Toward utopia?

I have always had a small-c conservative streak that makes me skeptical of utopian politics. The idea that human beings could, through their own efforts, abolish suffering, strife and injustice once and for all has always struck me as dangerously wrongheaded. Both history and my own religious tradition seem to tell pretty decisively against this kind of hubris. 20th-century communism is probably the most towering example of utopian aspirations leading to widespread human misery. Human nature is not nearly as malleable as various utopian thinkers have supposed, which tends to undercut ambitious programs of remaking society from whole cloth.

But there’s an opposite danger to utopianism, which is to become complacent about the status quo. Just because utopia in the strict sense is impossible doesn’t mean that things couldn’t be a lot better than they are. Complacency is a particular temptation for the privileged–those of us who are relatively well off materially and insulated from the more obvious forms of injustice.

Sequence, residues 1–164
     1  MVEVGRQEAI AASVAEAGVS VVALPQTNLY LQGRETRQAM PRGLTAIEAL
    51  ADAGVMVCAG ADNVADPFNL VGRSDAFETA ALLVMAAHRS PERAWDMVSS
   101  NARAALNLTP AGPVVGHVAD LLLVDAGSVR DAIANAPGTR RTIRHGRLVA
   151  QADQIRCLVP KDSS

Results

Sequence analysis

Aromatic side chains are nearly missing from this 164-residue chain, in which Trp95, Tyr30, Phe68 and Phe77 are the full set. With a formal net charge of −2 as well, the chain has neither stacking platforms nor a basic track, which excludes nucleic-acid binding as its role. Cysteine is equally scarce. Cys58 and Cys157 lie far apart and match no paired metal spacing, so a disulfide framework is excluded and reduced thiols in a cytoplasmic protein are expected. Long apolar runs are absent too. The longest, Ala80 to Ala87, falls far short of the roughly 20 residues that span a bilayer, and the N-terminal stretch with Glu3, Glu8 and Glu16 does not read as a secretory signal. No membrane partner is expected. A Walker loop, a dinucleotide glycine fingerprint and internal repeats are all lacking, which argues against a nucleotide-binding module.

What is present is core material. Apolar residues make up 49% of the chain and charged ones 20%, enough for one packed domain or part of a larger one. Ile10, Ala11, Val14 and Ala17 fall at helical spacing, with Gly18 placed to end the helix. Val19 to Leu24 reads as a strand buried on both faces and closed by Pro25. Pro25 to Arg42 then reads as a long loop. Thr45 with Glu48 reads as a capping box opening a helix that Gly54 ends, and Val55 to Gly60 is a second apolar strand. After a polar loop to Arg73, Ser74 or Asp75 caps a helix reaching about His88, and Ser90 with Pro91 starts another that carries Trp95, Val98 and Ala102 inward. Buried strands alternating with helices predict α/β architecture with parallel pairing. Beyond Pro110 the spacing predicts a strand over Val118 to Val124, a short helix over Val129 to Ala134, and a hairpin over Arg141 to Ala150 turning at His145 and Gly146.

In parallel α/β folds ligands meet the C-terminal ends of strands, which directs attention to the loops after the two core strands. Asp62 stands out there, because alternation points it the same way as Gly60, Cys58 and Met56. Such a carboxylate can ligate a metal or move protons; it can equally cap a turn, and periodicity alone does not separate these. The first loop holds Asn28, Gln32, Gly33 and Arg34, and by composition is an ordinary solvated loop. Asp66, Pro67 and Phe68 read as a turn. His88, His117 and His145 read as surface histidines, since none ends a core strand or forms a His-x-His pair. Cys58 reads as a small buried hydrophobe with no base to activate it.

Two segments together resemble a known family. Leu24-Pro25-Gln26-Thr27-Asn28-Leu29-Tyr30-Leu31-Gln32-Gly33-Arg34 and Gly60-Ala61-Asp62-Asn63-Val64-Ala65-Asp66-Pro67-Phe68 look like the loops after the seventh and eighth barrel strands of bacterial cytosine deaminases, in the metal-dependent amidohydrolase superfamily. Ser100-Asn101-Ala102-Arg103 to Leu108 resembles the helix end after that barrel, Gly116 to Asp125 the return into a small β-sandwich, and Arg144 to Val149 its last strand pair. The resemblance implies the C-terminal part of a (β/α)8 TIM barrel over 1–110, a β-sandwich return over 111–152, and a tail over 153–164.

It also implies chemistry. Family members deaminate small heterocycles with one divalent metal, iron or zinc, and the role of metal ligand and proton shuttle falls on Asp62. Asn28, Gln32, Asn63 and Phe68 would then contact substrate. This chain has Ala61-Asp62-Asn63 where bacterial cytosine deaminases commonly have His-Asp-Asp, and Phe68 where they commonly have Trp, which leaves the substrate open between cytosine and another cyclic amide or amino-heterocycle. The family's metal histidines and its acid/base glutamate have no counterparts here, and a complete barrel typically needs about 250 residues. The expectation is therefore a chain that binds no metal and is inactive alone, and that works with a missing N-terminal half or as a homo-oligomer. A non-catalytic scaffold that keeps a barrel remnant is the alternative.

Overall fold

On a more prosaic level, it’s increasingly evident that the fortunes of center-left political parties across the developed world have suffered in part because they no longer offer a compelling vision of the future that can inspire hope among the electorate. This dynamic played out in last year’s presidential election, where Hillary Clinton was perceived (fairly or not) as lacking the “vision thing” (as George H.W. Bush memorably called it). Her realism was ill equipped to fend off Donald Trump’s fear-mongering and grandiose promises to make America “great” again, however untethered from reality those promises were. And it’s no secret that the enthusiasm Bernie Sanders generated was due in part to his willingness to “go big” in his proposals (free college, universal health care, etc.). Again, it’s debatable whether a President Sanders would’ve been able to deliver on those promises, but he provided something like a vision of a better society and not just a series of incremental tweaks to the status quo.

There’s no easy solution to the dilemma between offering big change and staying within the bounds of political realism. Even our most transformative presidents, like Lincoln and FDR, were keenly aware of the limits placed on them by the powers of their office and the political situations they found themselves in. Nevertheless, it seems clear that without some animating vision of a good society, a political party or movement risks losing its reason for being. Maybe there is room for “utopian” dreaming about the society we want to see.